Great Expectations Character Analysis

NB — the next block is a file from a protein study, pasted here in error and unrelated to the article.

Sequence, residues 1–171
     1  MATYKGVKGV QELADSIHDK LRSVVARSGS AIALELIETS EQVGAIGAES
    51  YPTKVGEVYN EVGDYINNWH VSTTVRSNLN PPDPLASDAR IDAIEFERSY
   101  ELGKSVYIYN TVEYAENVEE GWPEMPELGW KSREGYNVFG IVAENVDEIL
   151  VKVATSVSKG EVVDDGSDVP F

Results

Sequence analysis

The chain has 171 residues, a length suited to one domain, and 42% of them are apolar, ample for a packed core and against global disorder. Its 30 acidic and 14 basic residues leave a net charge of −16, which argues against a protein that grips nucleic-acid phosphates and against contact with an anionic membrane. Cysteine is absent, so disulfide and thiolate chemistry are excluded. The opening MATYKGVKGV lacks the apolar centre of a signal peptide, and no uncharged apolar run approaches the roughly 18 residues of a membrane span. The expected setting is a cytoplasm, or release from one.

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On when discussing human nature, actor and producer Joe Mantegna explained that “There's good and evil going on. We have cops. We have robbers.” To contrast heroes from villains, authors often assign positive traits to the heroes of their stories, such as selflessness or courage, and negative traits to the villains of the story, such as greed and violence. In Great Expectations, by Charles Dickens, most of the characters fit into Mantegna’s scheme. Great Expectations is a story about a boy named Pip who grows up in an impoverished village, inherits great expectations, and becomes a gentleman through those expectations. Nearly every character Dickens creates in Great Expectations are either good or evil, with a few exceptions. There are numerous examples of a ‘good’ character in Great Expectations. One of these characters is Pip’s father figure, and brother in-law, Mr. Joe Gargery. Joe is Pip’s best friend and, arguably, the character who loves Pip more than anyone else. Joe demonstrates his love, most aptly, in the Christmas dinner scene “But he always aided and comforted me when he could, in some way of his own, and he always did so at dinner-time by giving me gravy, if there were any”(pg 23). Here, Pip is being berated and blistered by a barrage of adults badgering on about how the young are never grateful. Joe comforts Pip by pouring him gravy every time one of the adults insults him. Joe does not participate, nor does he desire to participate in bullying Pip due to his love for Pip. Joe also exhibits love to other people besides Pip. At the start of the volume, a convict scares Pip into stealing a file and scraps of food for him. Later in the volume, Pip and Joe venture out and attempt to find that convict, with the help of some soldiers. They successfully find the convict, and the convict recognizes Pip. Surprisingly, the convict confesses to stealing the file and the food. Joe responds to the convict’s confession by explaining “We don’t know what you have done, but we wouldn’t have you starved to death for it”(pg 36). Even after a convict admits that he stole from Joe and his family, Joe is still kind and compassionate to him. Not even larceny could twist Joe into straying from his virtuosity. In Great
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